The Court of Appeal of England & Wales in Tate & Lyle Technology Ltd v Roquette Freres [2010] EWCA Civ 1049 has held that, on the basis of the facts presented, the construction of a patent claim destroyed its novelty.

BACKGROUND

The Claimants, T&L, alleged that Roquette’s patent was invalid on the grounds of lack of novelty and obviousness. The claim in issue was “the use of maltotriitol to modify or control the form of maltitol crystals”.

At first instance, Mr Justice Lewison had held that the patent was anticipated by at least five items of prior art and also that the patent was unpatentable because it was a discovery.

DECISION

Roquette accepted that, if Lewison J’s decision had been correct on the construction of the patent, then its appeal would fail. The interpretation of the claim in the patent in suit turned on what was meant, in context, by “use”, “modify or control” and “form”.

Noting that the claim spoke of modifying or controlling the form of the crystals, not of modifying or controlling the maltotriitol, or the level of the maltotriitol, Lloyd LJ rejected Roquette’s contention that “modify” applied to crystalline maltitol whereas “control” applied to the pre-crystalline stages, stating that this was not supported by the description which referred to controlling the maltitol content both upstream and downstream of crystallisation.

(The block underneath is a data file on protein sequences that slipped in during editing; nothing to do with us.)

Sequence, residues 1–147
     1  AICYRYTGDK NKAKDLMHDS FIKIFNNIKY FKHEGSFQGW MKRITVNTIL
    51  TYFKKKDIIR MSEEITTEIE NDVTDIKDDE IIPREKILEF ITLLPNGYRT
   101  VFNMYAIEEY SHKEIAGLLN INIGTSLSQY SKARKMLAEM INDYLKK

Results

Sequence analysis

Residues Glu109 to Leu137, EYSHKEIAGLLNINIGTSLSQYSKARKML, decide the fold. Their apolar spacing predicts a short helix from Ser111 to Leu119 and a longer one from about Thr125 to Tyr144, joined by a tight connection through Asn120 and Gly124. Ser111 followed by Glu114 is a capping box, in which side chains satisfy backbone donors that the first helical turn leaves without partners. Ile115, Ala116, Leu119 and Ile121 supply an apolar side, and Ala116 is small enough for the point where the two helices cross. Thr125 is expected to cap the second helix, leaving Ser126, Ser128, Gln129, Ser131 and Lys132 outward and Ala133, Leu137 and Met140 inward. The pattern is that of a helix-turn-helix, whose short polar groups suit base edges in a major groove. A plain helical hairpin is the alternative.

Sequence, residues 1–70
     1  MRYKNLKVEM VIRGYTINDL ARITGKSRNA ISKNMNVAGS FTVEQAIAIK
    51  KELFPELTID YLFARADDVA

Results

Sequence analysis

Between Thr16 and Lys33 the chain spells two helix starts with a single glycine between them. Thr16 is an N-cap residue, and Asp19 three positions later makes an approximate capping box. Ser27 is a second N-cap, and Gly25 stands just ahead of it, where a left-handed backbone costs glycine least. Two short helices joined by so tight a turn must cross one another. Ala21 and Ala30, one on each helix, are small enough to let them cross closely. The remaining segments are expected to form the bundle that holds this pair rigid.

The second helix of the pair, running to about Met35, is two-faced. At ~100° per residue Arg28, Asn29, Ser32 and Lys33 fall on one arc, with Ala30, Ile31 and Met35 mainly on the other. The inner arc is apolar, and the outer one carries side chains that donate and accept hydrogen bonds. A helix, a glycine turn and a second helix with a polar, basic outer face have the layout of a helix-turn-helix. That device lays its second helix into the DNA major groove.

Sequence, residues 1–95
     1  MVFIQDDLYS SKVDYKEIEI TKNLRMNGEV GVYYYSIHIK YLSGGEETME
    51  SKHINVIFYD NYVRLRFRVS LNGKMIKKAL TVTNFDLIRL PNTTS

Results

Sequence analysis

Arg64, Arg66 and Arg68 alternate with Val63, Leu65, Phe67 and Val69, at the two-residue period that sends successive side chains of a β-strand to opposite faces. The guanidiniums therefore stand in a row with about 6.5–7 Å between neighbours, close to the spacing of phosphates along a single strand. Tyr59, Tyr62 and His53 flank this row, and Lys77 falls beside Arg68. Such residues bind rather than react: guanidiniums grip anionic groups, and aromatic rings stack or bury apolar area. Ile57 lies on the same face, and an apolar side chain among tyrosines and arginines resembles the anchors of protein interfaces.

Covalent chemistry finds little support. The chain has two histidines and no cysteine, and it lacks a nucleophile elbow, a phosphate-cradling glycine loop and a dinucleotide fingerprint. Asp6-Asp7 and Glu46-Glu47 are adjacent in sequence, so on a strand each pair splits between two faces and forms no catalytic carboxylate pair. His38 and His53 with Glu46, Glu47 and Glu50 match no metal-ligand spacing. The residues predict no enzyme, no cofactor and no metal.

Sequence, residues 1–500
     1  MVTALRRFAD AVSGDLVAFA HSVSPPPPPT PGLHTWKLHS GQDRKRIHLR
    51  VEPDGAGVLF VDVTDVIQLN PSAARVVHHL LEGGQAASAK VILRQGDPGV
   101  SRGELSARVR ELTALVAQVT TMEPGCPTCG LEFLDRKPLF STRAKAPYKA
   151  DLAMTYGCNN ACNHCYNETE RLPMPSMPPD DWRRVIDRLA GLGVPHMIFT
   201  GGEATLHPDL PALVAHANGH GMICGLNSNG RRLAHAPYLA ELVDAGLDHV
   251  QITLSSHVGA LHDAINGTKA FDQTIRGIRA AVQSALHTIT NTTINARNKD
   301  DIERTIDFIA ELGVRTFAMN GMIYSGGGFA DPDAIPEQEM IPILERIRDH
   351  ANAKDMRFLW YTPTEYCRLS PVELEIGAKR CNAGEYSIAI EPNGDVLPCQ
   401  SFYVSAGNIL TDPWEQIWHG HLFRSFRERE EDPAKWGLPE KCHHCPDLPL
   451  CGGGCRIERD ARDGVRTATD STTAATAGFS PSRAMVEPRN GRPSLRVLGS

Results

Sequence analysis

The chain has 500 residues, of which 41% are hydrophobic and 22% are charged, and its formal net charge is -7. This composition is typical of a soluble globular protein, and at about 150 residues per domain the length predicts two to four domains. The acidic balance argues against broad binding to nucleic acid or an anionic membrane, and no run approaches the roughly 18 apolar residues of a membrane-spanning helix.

Lloyd LJ accepted that the skilled reader is taken to know that the patentee is trying to claim something that the patentee considers to be new, so the skilled reader will be strongly averse to ascribe to the claim a meaning which covers that which the patentee acknowledges is old. In this case, however, Lloyd LJ held that

 …the question is nevertheless one of construction, and whether what is claimed is or is not new will depend on, rather than be determinative of, the construction of the claim. There is no rule that because prior art is referred to in the specification, that prior art cannot be found to have anticipated the invention claimed.

In conclusion, Lloyd LJ upheld the decision of the High Court that

…the skilled reader would conclude that what was being described included not only the case where the level of maltotriitol is not that which is desired, so that it has to be adjusted, but also the case in which the analysis shows that it is suitable, and can therefore be left alone.

Since Roquette had accepted that the Court of Appeal’s decision on construction would be decisive, the appeal was dismissed.